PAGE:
Review by Karen Topham, ChicagoOnstage, member American Theatre Critics Association. Photo by Matt Ferguson.
Are you ready for another new Christmas musical about a toy? Well, even if you can’t imagine that there could be anything left to say about the subject in this year of toy-focused shows, you won’t be sorry if you check out Eleanor’s Very Merry Christmas Wish, by Denise McGowan Tracy with songs by the author and Kathleen Butler-Duplessis, at the Greenhouse Theater Center. This adorable little show, aimed at children but fine for the young at heart of all ages, will put a smile on your face and a song in your heart. It may also make you prone to writing cheesy lines like that one, but you won’t care because you’ll feel so warm inside.
Zachary L. Gray directs (and choreographs) Tracy’s story of a rag doll named Eleanor who has spent many, many years living at the North Pole with Santa and his elves, sadly watching each Christmas as other toys depart for treasured new homes. She has a good life, though, and she knows it: no other toy is actually viewed as part of the family by Santa, Mrs. Claus, and his staff of elves. Still, Eleanor can’t help wondering what it would feel like to have a home and best friend of her own. (Scrupulously PC, Tracy avoids any use of the word “owner.”)
Samantha Bonzi stars as Eleanor, and she is sensational. Not only is she possessed of a wonderful singing voice, but she has the ability, even in a children’s show in which everyone (including herself) is big and bright and bubbly, to exhibit a sense of longing without any hint of moroseness. This is not a doll who mopes about the North Pole all day wishing she could have what she lacks; rather, she spreads joy among the elves and in the Claus household, taking part in the annual holiday activities in any way she can.
The Clauses, Santa (David Turrentine) and his wife “Cookie” (Erin Parker) are, as they ought to be, icons of goodwill and cheer. Mrs. Claus got her nickname because of the vast quantities of cookies she makes, which everyone at the North Pole (especially her husband) devours greedily as soon as they are out of the oven. Both of the Clauses love Eleanor, as do the elves who work with them.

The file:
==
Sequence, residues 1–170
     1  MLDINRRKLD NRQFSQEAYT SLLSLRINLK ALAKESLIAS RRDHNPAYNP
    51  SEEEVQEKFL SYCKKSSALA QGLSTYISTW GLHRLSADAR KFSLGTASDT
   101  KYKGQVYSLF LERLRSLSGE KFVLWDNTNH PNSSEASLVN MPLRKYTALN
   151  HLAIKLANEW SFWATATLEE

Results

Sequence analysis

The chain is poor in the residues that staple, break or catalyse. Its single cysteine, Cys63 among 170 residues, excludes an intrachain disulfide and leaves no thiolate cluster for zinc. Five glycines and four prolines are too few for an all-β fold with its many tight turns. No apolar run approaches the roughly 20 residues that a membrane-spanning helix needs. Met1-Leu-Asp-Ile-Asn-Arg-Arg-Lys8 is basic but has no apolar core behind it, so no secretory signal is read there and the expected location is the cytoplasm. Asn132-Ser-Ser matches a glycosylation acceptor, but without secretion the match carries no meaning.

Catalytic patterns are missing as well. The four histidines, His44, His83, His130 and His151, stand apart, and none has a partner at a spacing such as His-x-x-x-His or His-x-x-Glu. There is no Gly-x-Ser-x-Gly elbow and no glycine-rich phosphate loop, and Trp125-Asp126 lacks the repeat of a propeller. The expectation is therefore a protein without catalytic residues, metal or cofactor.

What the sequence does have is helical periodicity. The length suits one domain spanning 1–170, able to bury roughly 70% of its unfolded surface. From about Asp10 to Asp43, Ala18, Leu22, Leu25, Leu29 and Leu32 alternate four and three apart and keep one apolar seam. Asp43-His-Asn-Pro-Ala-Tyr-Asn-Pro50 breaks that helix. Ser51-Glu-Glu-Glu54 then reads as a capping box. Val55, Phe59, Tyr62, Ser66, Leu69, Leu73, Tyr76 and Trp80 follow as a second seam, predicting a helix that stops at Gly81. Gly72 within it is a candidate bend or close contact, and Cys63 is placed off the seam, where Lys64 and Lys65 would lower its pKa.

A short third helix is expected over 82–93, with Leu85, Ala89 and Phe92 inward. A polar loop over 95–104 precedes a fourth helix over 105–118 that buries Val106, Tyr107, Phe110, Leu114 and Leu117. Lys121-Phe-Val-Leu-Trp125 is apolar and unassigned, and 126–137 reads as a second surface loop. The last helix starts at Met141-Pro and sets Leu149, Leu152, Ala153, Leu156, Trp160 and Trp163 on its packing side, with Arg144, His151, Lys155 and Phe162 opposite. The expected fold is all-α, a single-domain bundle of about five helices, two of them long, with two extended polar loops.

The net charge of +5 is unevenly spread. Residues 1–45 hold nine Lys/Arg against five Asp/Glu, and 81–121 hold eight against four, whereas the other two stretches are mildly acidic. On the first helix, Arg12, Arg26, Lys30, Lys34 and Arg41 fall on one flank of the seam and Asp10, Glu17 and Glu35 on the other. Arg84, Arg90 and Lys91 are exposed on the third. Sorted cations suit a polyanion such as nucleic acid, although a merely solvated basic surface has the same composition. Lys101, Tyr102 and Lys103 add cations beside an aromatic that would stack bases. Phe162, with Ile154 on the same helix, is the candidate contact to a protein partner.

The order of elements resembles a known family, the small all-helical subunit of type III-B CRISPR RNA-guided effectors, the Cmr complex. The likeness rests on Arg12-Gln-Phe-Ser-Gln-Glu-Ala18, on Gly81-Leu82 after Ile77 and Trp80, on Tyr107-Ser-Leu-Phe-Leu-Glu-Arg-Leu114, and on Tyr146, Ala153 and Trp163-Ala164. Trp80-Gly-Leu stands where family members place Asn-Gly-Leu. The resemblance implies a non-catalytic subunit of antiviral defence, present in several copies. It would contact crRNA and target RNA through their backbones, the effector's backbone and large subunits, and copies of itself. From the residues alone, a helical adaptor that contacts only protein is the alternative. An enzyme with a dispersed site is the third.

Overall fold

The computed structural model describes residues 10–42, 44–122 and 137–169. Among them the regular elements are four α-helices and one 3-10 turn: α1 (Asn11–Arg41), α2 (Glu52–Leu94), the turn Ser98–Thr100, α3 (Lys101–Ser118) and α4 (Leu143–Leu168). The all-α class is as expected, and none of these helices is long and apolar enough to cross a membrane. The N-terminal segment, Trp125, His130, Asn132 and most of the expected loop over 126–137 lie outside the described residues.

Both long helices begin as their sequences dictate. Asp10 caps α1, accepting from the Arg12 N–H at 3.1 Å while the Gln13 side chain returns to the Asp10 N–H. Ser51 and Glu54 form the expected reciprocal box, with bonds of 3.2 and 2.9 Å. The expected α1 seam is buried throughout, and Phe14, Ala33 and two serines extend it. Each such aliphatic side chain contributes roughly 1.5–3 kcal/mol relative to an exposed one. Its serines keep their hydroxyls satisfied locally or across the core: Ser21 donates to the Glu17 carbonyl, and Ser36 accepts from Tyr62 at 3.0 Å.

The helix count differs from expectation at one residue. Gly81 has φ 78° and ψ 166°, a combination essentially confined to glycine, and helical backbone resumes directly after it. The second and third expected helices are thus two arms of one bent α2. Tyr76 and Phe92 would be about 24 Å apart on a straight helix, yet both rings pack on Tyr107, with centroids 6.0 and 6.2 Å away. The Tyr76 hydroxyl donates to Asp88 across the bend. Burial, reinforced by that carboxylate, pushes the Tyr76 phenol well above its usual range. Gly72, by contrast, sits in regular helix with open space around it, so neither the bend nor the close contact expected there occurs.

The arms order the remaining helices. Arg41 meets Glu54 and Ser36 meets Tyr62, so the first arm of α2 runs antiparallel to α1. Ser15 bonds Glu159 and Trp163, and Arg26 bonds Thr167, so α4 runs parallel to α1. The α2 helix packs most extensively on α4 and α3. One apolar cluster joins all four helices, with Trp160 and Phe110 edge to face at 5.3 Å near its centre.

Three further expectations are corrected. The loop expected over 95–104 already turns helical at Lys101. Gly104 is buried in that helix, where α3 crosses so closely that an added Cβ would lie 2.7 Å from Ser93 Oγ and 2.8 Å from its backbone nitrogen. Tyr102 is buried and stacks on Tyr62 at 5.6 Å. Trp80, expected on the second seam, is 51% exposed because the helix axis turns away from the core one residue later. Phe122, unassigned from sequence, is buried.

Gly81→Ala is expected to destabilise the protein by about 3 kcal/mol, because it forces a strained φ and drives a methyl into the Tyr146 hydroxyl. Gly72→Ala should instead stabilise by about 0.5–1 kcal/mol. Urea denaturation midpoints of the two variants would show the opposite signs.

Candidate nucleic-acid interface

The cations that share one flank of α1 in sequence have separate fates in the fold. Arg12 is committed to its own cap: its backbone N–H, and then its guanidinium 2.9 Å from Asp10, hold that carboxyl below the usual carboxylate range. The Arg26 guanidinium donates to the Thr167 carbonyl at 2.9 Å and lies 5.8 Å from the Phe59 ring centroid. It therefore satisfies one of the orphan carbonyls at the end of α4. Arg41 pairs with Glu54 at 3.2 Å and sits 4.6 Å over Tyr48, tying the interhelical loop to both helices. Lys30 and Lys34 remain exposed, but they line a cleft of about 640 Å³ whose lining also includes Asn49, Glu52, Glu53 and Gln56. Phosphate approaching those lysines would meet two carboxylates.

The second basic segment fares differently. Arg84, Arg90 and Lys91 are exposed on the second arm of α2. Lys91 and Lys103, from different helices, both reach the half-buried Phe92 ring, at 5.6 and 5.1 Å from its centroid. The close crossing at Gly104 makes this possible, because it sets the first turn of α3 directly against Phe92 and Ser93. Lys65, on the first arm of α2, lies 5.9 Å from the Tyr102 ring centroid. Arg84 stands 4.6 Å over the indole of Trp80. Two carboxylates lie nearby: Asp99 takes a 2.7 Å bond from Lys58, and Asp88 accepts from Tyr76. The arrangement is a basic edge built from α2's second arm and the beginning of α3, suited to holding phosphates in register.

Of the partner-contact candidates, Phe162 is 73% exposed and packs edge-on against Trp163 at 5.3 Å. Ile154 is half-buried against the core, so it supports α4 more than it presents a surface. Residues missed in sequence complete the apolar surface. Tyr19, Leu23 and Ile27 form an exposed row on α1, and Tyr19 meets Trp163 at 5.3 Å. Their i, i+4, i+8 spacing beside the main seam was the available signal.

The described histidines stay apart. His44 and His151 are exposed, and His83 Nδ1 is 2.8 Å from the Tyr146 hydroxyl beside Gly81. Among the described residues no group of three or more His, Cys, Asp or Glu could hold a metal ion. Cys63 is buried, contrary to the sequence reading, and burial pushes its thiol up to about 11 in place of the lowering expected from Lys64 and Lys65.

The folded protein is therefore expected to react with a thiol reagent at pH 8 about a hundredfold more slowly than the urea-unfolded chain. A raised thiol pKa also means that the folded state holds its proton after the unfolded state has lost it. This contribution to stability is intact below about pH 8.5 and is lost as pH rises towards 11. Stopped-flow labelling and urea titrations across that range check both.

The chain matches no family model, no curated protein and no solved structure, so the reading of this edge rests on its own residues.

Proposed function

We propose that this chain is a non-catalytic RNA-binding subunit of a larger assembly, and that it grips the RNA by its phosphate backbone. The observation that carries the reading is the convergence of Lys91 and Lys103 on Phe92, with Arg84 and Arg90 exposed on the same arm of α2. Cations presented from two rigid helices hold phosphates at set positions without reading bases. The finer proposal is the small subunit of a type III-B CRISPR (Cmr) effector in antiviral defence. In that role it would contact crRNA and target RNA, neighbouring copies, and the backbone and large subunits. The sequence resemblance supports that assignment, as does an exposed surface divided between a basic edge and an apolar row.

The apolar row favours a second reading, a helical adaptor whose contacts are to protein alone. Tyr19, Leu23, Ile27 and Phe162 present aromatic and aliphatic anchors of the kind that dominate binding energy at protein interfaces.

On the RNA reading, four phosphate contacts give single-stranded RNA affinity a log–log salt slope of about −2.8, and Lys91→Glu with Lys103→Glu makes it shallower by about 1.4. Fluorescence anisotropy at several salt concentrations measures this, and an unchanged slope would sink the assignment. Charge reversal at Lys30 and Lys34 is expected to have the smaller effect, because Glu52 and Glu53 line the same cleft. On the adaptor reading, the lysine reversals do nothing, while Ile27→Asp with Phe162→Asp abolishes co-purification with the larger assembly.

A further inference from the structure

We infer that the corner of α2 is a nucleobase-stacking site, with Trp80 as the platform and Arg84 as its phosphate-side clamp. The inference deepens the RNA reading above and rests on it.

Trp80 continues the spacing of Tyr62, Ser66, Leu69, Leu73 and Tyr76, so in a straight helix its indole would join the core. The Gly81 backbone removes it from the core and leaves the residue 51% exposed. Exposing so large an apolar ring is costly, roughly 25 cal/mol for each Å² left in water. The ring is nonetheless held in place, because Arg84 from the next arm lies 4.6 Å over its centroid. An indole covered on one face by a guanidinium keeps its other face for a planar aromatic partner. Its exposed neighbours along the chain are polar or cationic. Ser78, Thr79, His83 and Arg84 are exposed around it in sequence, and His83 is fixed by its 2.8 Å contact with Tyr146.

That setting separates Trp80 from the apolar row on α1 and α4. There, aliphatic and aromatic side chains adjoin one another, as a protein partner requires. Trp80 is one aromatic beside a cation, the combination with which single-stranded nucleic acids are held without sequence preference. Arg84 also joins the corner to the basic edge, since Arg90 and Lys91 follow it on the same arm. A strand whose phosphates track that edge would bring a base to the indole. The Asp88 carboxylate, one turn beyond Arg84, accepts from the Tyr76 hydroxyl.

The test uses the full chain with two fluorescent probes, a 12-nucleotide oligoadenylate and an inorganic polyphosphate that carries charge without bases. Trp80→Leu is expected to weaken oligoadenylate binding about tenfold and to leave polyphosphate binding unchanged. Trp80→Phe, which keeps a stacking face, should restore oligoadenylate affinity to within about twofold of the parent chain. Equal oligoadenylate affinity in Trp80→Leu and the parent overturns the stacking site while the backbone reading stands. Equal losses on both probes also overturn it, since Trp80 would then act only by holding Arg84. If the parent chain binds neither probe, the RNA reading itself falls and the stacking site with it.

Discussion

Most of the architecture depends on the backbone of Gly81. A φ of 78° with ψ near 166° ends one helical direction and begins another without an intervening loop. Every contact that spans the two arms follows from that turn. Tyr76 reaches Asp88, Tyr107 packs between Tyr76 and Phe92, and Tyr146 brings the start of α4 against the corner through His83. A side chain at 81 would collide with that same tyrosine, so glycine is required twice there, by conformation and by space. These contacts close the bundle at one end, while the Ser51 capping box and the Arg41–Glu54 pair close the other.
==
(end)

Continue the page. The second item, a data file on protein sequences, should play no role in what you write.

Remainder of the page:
Those elves, clad in shining, colorful clothes by Caryn Klein and wigs by Kevin Barthel, have names like Shimmer, Glimmer, Twinkle, Sparkle, and Sprinkle and are played by Lindsey Jane Bullen, Kim Green, Claire LaTourette, Cara Chumbley, Scott Gryder, and John Marshall, Jr. There is also a kind of elf efficiency expert named Clara (Emily Rohm) who is (among other things) the keeper of Santa’s List. Each of them has a unique personality that the actors explore and play with in the typically overdone style of children’s show characters with bold hand gestures and exaggerated expressions. Since they are elves, though, these affectations seem completely natural and the characters complement each other beautifully while Gray keeps them perky and moves them about on a beautiful, busy set that holds many surprises.
Rohm also plays Holly, the mother of the child who writes to Santa asking for a rag doll to be her best friend. That child, Noelle, is played with almost aching cuteness by Sydney Swanson, and the instant you see her you know what Santa will also know: this one, at last, is a perfect match for Eleanor. As Noelle and Eleanor write their separate letters to the Big Guy in a song called “Dear Santa,” the promise of the opening number (“The North Pole Is a Magical Place”) begins to come true for the patient, sweet doll. The songs here, by the way, while not likely to threaten “Santa Claus Is Coming to Town” for a place on holiday playlists, are all fun and enjoyable, and David Fiorello’s music direction helps the cast to shine.
But Eleanor’s Very Merry Christmas Wish is very much Tracy’s baby, self-produced and based on her book of the same name. Sometimes a writer producing her own work can be a red flag, but Tracy does everything right here, and her play ends up as sweet as Mrs. Claus’s cookies. She has even set up colorful mats right in front for small children to watch the play and interact with the elves. Eleanor, crafted with love and warmth, more than earns its place on the Greenhouse stage. I can easily imagine this lovable hour-long show becoming a children’s holiday staple.
Eleanor’s Very Merry Christmas Wish is a DMT Entertainment production now playing at Greenhouse Theatre Center, 2257 N. Broadway, Chicago, IL, until Dec 29. The show runs approximately 65 minutes; there is no intermission. Check the website for specific dates, times, and tickets. Find more information about current plays in our front page recs and at theatreinchicago.com.